Seems like every week's a big week for Facebook! This week saw the beginning of functionality changes for users which will "over time enable user 'profiles' to serve more as individual Web pages that could convey messages far beyond the current 5,000-'friend' limit," the San Jose Mercury News reports. The Mercury News said changes will include: users being able to categorize their "friends" into "separate and sometimes overlapping subgroups, such as 'family,' 'close friends' and ''co-workers'," and users able to "more easily post links, photos or videos with their comments into the 'stream' of information to and from the Facebook site [parents, ask your kids to keep you posted on how this works and whether they're paying attention to privacy settings in the midst of this]." Meanwhile, Information Week reports that "a New York teenager has sued the social networking site and some of its users because of a Facebook chat group where she says she was ridiculed and disgraced" . In such cases so far, the Communications Decency Act has protected social network sites and other Internet service providers from being held liable for content users post on their sites.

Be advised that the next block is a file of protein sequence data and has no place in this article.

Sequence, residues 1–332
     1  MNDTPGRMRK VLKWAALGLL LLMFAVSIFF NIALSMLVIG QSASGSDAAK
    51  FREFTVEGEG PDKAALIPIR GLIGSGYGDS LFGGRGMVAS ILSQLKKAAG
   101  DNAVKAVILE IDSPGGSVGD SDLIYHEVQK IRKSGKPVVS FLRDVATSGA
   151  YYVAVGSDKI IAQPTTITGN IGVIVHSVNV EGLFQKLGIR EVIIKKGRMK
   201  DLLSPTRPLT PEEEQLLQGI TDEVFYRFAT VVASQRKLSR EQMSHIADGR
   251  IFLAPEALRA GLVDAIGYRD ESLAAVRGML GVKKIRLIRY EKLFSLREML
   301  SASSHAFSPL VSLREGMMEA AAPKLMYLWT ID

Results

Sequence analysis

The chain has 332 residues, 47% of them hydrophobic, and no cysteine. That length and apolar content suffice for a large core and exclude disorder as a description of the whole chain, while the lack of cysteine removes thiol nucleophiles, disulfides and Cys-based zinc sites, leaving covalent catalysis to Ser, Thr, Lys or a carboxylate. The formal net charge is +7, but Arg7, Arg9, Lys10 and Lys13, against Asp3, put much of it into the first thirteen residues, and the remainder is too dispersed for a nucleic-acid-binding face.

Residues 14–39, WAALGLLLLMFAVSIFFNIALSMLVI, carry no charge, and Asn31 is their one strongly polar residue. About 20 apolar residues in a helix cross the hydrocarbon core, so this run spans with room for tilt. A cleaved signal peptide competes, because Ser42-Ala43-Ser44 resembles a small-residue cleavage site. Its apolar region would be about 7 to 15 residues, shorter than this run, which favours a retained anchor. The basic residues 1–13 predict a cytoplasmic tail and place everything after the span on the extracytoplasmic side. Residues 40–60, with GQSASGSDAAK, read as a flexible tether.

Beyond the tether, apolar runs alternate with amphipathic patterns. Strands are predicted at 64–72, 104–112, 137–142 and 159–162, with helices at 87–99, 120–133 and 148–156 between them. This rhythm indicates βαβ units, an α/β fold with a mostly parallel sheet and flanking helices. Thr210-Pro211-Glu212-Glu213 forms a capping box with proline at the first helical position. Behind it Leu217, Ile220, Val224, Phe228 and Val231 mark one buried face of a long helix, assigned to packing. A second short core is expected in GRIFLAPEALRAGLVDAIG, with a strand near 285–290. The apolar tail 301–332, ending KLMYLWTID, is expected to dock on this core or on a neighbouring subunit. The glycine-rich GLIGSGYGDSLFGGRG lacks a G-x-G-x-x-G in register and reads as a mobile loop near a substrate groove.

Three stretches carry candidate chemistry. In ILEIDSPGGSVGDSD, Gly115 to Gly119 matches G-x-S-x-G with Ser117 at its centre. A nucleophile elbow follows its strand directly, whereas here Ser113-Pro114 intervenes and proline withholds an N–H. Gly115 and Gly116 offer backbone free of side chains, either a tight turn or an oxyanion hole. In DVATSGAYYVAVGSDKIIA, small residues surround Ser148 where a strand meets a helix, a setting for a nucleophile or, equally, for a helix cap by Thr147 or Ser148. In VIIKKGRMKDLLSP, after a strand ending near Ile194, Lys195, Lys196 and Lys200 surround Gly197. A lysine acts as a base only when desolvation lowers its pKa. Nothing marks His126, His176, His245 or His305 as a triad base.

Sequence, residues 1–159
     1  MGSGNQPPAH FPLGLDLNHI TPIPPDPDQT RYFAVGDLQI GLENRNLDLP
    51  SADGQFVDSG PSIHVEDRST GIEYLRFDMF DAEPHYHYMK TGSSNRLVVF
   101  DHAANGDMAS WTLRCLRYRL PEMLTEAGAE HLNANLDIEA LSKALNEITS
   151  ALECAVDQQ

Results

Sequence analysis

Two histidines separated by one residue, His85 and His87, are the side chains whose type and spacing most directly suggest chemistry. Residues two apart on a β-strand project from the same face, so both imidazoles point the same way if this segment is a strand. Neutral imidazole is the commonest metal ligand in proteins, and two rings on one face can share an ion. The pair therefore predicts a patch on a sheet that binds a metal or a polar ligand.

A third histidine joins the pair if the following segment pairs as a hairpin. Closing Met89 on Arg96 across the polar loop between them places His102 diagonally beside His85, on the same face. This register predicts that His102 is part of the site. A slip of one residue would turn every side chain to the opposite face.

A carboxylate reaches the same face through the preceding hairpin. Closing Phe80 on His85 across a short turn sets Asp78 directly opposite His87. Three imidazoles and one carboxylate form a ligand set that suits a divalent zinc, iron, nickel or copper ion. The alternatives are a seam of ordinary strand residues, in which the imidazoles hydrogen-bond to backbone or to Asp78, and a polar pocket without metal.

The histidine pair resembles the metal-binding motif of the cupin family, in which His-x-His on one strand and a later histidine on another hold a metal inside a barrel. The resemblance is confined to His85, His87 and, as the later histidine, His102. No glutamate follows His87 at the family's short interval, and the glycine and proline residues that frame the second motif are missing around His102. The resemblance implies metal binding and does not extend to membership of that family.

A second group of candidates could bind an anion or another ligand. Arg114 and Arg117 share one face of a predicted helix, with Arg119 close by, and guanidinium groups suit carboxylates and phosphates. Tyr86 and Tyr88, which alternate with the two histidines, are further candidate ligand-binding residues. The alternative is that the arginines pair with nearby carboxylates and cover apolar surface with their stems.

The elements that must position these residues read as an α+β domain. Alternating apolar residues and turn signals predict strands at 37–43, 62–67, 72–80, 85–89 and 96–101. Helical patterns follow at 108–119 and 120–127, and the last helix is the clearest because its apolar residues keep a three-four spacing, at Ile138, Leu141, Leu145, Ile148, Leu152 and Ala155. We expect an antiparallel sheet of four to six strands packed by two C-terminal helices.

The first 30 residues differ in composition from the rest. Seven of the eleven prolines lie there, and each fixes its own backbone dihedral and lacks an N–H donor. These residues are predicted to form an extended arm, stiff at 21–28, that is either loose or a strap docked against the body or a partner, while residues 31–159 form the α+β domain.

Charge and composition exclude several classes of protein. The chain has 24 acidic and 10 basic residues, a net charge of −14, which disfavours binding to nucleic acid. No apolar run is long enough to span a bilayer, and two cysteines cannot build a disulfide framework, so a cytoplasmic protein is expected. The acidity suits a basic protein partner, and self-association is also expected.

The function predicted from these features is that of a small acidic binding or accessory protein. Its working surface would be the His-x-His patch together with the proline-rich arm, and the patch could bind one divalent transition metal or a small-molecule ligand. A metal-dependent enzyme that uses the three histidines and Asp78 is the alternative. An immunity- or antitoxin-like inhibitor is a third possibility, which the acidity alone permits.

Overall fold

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NetFamilyNews – by Anne Collier
- Leadership in bullying prevention and so much more
- Kindness really could be going viral! Just look…
- More clarity on teens’ ‘Am I pretty?’ videos
- A bit of videogaming is good for kids: Study
- Virginia teen sexting case: (Somewhat) reduced injustice
- ‘Revenge porn’: Exposing cruel disclosure
- Zooming in on social norms (sidebar)
- Beginning of the end of #purge, revenge porn or social cruelty?
Analysis & News – by Larry Magid
- It’s time for schools to upgrade both technology and pedagogy
- Why Google (and Facebook) should admit kids under 13
- As Ferguson struggles, Georgia teens create app to rate police departments
- Tech can make driving dangerous, but also safer
- IAC’s Ask.com buys Ask.fm and hires a safety officer to stem bullying
- Massive data breach shows skills of Russian hackers
- Google to reward sites with HTTPS security in search rankings
- Five teens & ‘one mature adult’ create Push for Pizza app